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Balayage

When it comes to hair color highlighting and balayage techniques and trends, sometimes the differences between them are so nuanced that it’s hard to keep them straight. Never fear. We’re here...with a primer that breaks down the hottest highlighting trends once and for all. Balayage, sombré, lowlights, and more...read on to learn what sets all these looks apart.

What is Balayage?

Pronounced BAH-LEE-AHGE, balayage is actually a French word meaning ‘sweeping,’ as in to sweep on a hair lightener to create highlights. Balayage is the technique of free-hand painting highlights onto the hair, creating a soft and natural gradation of lightness towards the ends. The result is the look of summers spent at the beach, or the fresh, unintentionally perfect highlights on a child. This natural-looking highlighting technique is not just for blondes, but is actually used on all shades of hair to add soft, sunkissed dimension.

Of course, there are variations in application preferences: some colorists don’t separate the hair, while others separate the hair with cotton pieces, and others prefer using foil as a divider. There are different application nuances that produce slightly varied results, but the main reason balayage has become so popular is that it allows colorists to hand select the pieces of hair they want to highlight. Due to the customized, natural-looking placement, balayage also allows for a softer grow out.

What is the difference between Highlights and Balayage?

Highlights is a general term that simply refers to hair that is lighter than the base color. Contrary to popular belief, highlights are not just for blondes, but can refer to lightening strands of any shade of hair. Highlights are traditionally applied using a method called “foiling,” in which sheets of foil are used to separate strands of hair that have been covered with a color or lightener before wrapping them in the foil to process. The foil keeps the lightener from getting on the surrounding hair, and also traps heat, allowing the lightener to lift more effectively. Foil highlights are generally placed close to the scalp, lightening the hair from the roots to the ends for an all-over highlighted look.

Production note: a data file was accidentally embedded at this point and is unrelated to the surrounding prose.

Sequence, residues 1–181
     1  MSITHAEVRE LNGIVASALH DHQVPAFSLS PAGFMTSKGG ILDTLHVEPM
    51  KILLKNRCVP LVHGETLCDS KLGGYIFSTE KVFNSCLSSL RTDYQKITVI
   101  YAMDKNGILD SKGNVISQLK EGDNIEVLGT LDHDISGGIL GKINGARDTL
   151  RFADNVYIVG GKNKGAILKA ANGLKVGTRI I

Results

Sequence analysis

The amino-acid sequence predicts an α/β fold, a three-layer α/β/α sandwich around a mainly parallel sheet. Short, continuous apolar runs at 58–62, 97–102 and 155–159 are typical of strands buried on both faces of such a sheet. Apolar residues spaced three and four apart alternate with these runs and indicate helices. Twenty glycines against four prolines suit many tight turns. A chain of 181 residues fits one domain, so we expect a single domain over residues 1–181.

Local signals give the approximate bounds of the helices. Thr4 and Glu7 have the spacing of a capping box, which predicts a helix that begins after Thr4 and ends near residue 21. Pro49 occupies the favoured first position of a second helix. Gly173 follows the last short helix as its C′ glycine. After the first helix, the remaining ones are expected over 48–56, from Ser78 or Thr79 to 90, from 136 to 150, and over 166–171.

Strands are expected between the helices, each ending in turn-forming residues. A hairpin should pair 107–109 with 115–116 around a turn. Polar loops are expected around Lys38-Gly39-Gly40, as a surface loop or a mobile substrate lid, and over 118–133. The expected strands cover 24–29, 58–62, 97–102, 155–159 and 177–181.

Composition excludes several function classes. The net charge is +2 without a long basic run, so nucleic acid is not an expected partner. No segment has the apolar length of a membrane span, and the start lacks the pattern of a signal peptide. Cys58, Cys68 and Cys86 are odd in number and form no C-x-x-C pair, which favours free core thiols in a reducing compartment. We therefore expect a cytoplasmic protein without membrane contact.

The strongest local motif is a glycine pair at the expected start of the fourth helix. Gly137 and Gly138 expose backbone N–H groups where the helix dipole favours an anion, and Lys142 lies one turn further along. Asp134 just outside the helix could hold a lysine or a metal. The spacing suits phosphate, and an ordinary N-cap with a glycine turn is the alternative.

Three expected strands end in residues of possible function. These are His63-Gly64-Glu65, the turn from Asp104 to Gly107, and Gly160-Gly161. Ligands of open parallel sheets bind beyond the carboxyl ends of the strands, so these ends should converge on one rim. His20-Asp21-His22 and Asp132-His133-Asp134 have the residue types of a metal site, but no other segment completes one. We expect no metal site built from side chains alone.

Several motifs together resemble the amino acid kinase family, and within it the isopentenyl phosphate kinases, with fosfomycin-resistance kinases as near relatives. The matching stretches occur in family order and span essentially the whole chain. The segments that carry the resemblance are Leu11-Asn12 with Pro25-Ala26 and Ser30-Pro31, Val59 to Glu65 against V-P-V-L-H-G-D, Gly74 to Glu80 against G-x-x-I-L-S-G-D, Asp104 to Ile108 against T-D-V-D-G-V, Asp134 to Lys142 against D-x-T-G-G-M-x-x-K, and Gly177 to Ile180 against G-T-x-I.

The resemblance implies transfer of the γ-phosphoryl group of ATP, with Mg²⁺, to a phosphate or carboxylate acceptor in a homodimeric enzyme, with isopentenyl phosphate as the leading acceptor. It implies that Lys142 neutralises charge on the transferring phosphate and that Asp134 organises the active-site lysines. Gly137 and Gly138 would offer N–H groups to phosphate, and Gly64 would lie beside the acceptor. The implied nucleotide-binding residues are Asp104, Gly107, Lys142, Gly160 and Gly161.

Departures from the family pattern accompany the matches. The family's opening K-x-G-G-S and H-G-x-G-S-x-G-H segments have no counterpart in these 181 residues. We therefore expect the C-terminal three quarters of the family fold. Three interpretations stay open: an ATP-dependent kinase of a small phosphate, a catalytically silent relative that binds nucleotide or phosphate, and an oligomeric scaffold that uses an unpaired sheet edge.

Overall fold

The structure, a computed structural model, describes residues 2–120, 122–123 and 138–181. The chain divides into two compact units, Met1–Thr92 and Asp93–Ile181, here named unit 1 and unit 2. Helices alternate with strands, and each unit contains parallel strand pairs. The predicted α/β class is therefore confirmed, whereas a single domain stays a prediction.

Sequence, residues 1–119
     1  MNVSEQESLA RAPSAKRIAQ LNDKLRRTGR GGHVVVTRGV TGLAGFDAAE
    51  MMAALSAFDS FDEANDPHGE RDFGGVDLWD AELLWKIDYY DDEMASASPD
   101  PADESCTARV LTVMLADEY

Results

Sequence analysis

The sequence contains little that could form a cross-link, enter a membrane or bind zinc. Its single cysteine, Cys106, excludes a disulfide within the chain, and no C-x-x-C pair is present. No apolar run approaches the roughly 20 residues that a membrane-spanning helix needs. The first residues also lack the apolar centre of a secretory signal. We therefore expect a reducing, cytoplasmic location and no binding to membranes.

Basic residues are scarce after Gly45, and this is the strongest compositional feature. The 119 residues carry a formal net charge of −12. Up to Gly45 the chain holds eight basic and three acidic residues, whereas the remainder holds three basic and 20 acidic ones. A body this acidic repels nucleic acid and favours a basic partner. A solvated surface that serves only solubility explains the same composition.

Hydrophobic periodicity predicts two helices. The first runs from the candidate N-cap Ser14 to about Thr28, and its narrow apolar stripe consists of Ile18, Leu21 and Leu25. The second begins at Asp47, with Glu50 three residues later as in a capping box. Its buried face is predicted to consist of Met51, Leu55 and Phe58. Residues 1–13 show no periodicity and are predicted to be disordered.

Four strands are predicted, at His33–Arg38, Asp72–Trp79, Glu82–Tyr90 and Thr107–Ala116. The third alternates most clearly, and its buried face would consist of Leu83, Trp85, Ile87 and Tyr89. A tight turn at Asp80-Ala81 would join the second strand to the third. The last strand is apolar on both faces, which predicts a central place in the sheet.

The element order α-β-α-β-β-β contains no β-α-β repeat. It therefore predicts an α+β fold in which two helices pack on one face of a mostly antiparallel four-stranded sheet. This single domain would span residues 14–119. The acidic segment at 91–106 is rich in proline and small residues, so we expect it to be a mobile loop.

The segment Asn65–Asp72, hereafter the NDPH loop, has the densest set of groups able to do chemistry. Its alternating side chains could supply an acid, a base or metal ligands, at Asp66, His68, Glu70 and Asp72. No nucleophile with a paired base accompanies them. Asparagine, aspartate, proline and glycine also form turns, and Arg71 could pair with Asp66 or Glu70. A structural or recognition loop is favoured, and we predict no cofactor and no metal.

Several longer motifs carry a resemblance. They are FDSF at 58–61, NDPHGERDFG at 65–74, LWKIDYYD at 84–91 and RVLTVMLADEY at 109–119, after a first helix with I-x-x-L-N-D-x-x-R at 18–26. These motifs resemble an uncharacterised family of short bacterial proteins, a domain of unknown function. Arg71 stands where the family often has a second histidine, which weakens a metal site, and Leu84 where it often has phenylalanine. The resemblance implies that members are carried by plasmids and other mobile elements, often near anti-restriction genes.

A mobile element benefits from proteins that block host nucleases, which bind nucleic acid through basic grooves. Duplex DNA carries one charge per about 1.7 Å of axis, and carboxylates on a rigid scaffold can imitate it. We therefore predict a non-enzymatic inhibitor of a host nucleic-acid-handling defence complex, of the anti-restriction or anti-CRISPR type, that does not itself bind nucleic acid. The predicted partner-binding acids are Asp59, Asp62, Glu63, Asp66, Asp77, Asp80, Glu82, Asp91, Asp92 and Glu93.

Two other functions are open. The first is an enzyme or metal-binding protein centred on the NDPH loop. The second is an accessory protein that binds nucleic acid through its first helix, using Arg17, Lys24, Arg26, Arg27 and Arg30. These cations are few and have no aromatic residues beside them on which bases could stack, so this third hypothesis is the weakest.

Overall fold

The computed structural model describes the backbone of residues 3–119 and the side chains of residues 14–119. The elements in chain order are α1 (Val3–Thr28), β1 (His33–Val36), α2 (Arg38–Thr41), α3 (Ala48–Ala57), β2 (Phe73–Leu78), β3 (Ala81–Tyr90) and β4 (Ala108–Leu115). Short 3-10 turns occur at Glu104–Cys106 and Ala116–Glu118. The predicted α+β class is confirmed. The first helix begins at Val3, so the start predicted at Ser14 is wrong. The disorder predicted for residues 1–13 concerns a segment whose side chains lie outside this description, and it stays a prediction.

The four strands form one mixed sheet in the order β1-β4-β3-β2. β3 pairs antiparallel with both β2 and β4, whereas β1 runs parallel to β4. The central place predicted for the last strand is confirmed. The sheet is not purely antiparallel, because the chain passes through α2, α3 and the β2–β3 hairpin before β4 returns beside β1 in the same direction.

Balayage is a free-hand technique of applying highlights, and does not usually use foil to separate the hair. Balayage creates soft and natural gradation of lightness along the hair strand—usually slightly deeper closer to the scalp and lighter towards the ends. Typically, balayage starts away from the roots and is focused towards the mid-shafts and ends of hair.

Ombré, Sombré, Babylights and Balayage

Balayage often carries the brunt of being an umbrella term. While other forms of highlighting might be related to balayage, not all fit neatly in this category.

Ombré and Sombré speak more to the end result rather than the technique. Ombré is a more drastic, edgier version of balayage with a starker transition of dark to light, sometimes with a harder line where the transition starts. Sombré, on the other hand, is a soft, sunkissed transition of dark to light with the ends being only 1-2 levels lighter than the base color, and a seamless transition from roots to ends.

Babylights are also a type of highlight. The result is achieved by taking extremely small, thin sections of hair for subtle, sun-kissed highlights.

Light Works™ Balayage Highlighting Kit

With so many variations of highlighting looks and application techniques, it is no secret that highlights continue to gain popularity. Surprisingly, however, for women who color their hair at home, just 14% have highlights. Why this small number? Up until now, there were no salon-quality highlighting products for the at-home user, so women had to choose between expensive salon highlights and home highlighting kits that created unnatural results.

In keeping with Madison Reed’s mission to empower women with a better way to color, Light Works™ Balayage Highlight Kit is the first of its kind at-home kit designed to mimic salon highlights with the same two-step process that you get in a salon, first lightening, then toning to refine the color for natural-looking, balayage highlights. The kit also includes: